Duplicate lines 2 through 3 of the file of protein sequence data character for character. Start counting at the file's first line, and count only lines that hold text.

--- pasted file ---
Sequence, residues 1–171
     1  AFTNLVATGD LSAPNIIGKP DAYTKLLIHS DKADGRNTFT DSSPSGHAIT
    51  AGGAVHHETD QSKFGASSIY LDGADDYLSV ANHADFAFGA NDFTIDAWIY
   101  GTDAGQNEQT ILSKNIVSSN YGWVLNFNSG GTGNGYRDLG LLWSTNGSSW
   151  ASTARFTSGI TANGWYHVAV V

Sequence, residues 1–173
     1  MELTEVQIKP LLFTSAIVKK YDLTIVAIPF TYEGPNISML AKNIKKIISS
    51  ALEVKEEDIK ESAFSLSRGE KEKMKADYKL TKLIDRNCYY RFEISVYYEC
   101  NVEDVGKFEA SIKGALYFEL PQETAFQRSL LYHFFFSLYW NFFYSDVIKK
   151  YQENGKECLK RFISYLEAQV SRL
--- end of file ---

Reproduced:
     1  AFTNLVATGD LSAPNIIGKP DAYTKLLIHS DKADGRNTFT DSSPSGHAIT
    51  AGGAVHHETD QSKFGASSIY LDGADDYLSV ANHADFAFGA NDFTIDAWIY